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Old December 27, 2012, 08:56 PM   #76
Alaska444
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Originally Posted by Jeff White View Post
awgrizzly said;



I didn't say we shouldn't have any armed guards. I said a national program to put them in every school would not be cost effective. There are clearly some schools where armed guards or police officers are necessary to maintain order. But for the most part these schools already employ armed guards or school resource officers.

We are not going to have properly trained and equipped security forces in our schools for minimum wage. It costs a heck of a lot of money to train and equip an effective officer. Remember, the training is continual. We don't want to trust someone who's only training was what the state requires to be an armed security guard to interact with our children and expect him or her to risk their life taking out an active shooter. If you want quality, effective people in that job you are going to have to pay a decent wage. I don't know how the schools are funded where you live, but here we pay for them with our real estate taxes. It's not unreasonable to expect the kind of security you are talking about to cost $80 to $100K per officer per year by the time you figure salary, training, equipment, the employer's share of social security, unemployment insurance premiums, health insurance etc.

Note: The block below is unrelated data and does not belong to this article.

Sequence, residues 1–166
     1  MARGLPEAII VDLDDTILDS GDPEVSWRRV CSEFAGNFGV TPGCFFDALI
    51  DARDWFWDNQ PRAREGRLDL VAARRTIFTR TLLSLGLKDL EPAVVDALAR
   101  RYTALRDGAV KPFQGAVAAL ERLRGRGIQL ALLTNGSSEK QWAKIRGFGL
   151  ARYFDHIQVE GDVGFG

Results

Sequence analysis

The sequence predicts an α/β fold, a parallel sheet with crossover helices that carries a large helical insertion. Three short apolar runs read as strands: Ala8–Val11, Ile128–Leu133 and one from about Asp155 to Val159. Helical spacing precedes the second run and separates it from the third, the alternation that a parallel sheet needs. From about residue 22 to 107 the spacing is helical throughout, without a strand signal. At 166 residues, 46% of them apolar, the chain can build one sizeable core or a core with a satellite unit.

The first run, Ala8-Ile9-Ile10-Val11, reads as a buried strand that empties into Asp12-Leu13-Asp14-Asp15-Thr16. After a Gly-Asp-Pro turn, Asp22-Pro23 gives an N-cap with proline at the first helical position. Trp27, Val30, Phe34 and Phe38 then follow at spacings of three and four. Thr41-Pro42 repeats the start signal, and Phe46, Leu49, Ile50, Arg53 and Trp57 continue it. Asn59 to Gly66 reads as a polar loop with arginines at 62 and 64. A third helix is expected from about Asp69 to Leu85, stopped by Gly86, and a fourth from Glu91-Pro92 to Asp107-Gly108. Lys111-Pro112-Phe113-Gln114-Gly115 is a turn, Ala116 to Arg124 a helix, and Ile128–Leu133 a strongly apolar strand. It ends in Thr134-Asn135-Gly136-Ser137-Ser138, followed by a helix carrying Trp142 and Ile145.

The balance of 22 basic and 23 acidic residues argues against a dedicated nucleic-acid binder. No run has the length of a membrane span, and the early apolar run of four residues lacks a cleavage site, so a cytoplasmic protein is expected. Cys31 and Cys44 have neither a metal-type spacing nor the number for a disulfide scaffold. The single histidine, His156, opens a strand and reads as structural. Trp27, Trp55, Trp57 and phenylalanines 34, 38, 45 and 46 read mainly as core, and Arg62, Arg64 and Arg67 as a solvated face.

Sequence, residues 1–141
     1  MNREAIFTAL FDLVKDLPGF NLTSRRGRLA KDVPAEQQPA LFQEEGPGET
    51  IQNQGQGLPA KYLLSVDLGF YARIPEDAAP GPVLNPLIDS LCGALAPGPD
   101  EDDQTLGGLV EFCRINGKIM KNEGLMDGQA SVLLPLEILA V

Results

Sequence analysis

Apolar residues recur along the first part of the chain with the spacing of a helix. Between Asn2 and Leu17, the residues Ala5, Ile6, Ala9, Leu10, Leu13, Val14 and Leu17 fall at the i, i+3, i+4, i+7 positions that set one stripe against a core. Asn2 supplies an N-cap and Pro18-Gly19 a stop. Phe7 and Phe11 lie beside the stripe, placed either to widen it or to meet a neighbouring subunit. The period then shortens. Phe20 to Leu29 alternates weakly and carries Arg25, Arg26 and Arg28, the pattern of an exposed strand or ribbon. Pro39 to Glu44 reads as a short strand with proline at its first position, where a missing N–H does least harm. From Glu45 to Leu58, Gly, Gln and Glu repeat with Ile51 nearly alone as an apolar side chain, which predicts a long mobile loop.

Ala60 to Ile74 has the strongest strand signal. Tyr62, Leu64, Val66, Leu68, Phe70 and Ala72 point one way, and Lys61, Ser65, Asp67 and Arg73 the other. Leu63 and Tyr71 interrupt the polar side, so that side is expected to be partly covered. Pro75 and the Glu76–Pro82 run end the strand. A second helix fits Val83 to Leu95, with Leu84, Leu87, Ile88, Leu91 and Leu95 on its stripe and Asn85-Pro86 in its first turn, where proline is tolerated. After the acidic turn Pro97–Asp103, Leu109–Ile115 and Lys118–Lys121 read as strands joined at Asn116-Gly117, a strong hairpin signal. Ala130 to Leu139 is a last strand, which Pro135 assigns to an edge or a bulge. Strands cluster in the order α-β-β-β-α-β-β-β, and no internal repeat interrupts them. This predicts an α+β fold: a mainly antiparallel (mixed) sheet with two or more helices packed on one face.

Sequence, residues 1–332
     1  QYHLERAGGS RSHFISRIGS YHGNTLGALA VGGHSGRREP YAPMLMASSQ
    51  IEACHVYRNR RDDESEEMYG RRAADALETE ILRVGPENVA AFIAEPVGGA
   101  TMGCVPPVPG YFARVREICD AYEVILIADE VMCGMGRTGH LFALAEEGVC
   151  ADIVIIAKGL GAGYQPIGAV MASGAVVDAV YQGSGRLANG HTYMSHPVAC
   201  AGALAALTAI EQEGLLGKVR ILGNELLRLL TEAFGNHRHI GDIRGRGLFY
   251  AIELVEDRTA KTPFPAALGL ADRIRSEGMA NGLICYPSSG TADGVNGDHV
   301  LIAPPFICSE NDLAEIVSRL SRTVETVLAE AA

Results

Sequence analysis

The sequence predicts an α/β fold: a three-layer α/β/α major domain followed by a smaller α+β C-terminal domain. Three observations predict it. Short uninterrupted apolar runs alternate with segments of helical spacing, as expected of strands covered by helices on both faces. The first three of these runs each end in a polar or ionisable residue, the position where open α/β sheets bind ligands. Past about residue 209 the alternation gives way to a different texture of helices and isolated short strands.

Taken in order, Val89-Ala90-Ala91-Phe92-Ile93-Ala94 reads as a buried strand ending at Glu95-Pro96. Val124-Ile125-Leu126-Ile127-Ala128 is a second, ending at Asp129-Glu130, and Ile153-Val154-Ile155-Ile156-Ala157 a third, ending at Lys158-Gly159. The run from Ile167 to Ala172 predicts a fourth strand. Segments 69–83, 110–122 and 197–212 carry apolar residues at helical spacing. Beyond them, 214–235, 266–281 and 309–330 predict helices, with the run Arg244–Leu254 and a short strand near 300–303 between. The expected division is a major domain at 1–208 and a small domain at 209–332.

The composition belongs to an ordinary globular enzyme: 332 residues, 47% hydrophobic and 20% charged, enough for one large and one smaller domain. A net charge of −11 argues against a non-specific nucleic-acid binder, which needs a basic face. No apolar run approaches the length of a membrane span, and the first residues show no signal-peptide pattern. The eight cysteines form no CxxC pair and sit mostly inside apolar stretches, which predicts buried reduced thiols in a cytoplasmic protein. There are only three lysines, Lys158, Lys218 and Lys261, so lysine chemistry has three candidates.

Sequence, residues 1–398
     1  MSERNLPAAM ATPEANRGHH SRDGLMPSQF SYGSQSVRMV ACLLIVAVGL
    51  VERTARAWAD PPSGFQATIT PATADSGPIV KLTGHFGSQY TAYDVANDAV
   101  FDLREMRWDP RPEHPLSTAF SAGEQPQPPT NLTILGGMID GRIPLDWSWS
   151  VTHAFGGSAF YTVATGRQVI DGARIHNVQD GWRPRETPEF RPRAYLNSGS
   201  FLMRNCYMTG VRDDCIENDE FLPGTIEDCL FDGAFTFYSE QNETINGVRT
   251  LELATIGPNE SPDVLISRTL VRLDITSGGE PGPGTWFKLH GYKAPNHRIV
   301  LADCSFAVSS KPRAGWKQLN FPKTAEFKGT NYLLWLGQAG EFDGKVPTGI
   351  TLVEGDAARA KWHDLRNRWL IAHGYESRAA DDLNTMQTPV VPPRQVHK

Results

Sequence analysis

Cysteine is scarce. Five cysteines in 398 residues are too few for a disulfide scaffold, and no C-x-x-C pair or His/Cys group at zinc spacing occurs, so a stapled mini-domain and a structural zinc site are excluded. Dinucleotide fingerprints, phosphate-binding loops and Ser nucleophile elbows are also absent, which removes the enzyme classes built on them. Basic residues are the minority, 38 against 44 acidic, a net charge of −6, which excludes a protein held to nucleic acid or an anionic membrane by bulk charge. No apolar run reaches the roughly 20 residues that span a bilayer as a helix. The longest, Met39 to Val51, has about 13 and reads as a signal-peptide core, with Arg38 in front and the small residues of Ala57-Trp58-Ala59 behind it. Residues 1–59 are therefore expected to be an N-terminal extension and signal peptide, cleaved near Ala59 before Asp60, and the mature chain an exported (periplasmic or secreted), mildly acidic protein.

How many school buildings do we have in this country? I am sure some of them, like the high school I went to are large campuses with several buildings which would require a security force to properly secure, not a single officer. School districts would have to have more then one officer per building so that there was a reserve available to fill in when the regularly assigned officer was sick or taking a personal day.